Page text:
Who Questions Much, Learns Much

My brother Lawrence, the academic in my family (Sharon has two brothers who also are academics), is a professor of Rabbinics and Jewish Philosophy in the department of Jewish studies of McGill University, with an exceptionally wide range of interests and areas of expertise. In addition to his university role, he’s also a major exponent of the thought of Rabbi Joseph B. Soloveitchik and has translated two of the Rav’s major essays into English.

Lawrence recently began a weekly series on Facebook of parshat ha-shavu’a divrei Torah. As you might expect from a scholar of his caliber, his essays are quite, well, scholarly, with references not only to the Rav (of course) and all the well-known, and even lesser known, traditional exegetes and rabbis, both ancient and modern, but also to those not commonly found in Orthodox parsha discussions, including such modern Bible scholars as Jacob Milgrom and Jeffrey Tigay, “The Godfather,” R. Abraham Joshua Heschel, William Blake, Malcom Gladwell, Moshe Halbertal, and Machiavelli. But he works hard, most often successfully, at making his weekly analyses understandable to the general reader, though some effort may be required. I highly recommend them.

A few weeks ago, while discussing Parshat Ki Tetzei, he focused on the law of ben sorer u-moreh — the defiant and rebellious son. The Torah tells us (Deut. 21:18-21) that if parents have a son who has committed certain specified acts of wrongdoing, they shall bring him to the town elders, testify to his rebellion, and he is stoned to death. The rabbis, confronted by the problem that the actual acts of wrongdoing do not constitute capital crimes, conclude that the Torah penetrated the ultimate mindset of the rebellious son and based his punishment on actions he would otherwise commit in the future (Sanhedrin 71b-72a). That too, however, is problematic, because as a matter of law and morality it’s wrong to punish people based on future possible, even if highly likely, actions.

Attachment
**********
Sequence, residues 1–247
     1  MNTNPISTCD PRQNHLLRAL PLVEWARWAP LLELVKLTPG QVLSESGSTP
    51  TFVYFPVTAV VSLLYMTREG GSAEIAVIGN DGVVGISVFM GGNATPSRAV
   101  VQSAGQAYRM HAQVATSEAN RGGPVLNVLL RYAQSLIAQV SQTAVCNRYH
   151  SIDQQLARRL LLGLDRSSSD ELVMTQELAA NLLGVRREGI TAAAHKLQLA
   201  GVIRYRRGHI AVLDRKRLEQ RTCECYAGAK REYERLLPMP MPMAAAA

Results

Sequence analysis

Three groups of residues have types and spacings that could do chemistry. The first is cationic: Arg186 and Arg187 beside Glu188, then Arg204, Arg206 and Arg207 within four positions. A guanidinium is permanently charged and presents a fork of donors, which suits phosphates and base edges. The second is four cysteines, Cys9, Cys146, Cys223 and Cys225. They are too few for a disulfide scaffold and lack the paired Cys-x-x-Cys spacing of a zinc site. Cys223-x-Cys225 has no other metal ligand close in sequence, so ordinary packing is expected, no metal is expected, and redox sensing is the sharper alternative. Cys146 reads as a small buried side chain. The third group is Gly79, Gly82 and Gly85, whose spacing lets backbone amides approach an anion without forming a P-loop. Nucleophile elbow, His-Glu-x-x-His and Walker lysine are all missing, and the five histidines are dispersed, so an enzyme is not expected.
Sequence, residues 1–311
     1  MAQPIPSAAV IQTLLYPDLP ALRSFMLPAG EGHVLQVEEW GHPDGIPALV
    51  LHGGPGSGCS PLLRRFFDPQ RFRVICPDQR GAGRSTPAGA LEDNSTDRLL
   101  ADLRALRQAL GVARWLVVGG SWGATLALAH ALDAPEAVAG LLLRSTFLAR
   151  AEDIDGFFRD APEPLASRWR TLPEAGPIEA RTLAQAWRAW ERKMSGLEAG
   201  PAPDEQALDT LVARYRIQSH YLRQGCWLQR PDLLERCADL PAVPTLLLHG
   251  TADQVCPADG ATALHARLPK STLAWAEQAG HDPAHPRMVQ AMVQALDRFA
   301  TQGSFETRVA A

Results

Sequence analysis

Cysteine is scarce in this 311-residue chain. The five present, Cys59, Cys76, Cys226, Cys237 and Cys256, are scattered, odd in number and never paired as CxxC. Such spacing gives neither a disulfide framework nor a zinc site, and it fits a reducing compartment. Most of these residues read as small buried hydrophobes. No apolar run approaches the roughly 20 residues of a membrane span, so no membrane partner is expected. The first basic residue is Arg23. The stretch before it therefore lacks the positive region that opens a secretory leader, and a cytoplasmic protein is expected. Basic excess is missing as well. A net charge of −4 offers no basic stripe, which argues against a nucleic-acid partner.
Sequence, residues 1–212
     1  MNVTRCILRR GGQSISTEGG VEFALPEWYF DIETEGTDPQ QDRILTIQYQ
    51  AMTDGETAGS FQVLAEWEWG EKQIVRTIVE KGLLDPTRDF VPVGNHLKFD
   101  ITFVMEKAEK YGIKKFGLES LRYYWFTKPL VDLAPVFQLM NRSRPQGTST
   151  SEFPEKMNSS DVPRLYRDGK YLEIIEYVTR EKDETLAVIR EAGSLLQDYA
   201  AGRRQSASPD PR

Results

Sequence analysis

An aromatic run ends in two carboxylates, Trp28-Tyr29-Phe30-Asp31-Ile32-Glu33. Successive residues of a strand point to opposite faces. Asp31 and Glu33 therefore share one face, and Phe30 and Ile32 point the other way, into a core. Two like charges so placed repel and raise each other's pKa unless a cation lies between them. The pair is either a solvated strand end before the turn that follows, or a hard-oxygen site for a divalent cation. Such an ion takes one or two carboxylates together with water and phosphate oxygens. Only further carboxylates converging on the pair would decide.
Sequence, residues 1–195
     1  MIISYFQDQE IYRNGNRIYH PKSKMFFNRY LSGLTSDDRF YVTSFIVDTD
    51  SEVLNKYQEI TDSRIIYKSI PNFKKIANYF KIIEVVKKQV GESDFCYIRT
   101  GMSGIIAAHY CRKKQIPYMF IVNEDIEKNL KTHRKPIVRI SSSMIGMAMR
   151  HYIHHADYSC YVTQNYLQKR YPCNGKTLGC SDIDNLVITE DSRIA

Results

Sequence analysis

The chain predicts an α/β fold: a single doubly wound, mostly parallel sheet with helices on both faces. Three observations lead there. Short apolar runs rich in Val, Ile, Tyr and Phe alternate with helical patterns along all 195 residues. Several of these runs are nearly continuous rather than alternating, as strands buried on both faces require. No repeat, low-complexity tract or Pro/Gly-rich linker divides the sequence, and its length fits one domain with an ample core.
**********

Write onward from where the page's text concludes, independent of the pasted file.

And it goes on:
Not to worry. Most rabbis, though not all (do all rabbis ever agree about anything?), believe that because of all the rabbinical requirements that need to be met to apply the law, “there has never been a rebellious son, and there will never be one in the future.” That is, the law is theoretical.

This made me think of another law in Deuteronomy that has similar legal and moral problems — ir ha-nidachat (a city of idolaters). The Torah rules (Deut. 13:13-19) that if there is a city in which a majority of the inhabitants practice idolatry, we kill all of the city’s inhabitants, even the minority who were not idolators. (Whether children are to be killed is disputed among the rabbis. See the parenthetical above and Tosefta Sanhedrin 14:1.) Like ben sorer, however, most rabbis believe that there was never an instance of ir ha-nidachat. It too is theoretical.

The question is obvious: If they are theoretical, why are these laws included in the Torah? And as to both, the rabbis have one answer: derosh ve-kabel schar; expound upon it and receive a reward (Sanhedrin 71a).

There’s another Torah law that seems to me to fit into this category of theoretical laws — mechi’at Amalek, the commandment to utterly destroy all individual members of Amalek, men, women, and children (Deut. 25:19). This law, incumbent upon every Jew (R. Joseph B. Soloveitchik, Kol Dodi Dofek (KDD), footnote 25 (trans. Lawrence Kaplan)), was, at one time, actually carried out (1Samuel 15:1-35). As the Rav notes, however, it applies only to genealogical descendants of Amalek, and no identifiable genealogical descendants exist today. Indeed, the Mishna teaches that “Sancheriv, king of Assyria, came up and mingled all the nations” (Yadayim 4:4). Thus, like ben sorer and ir ha-nidachat, this law has become theoretical.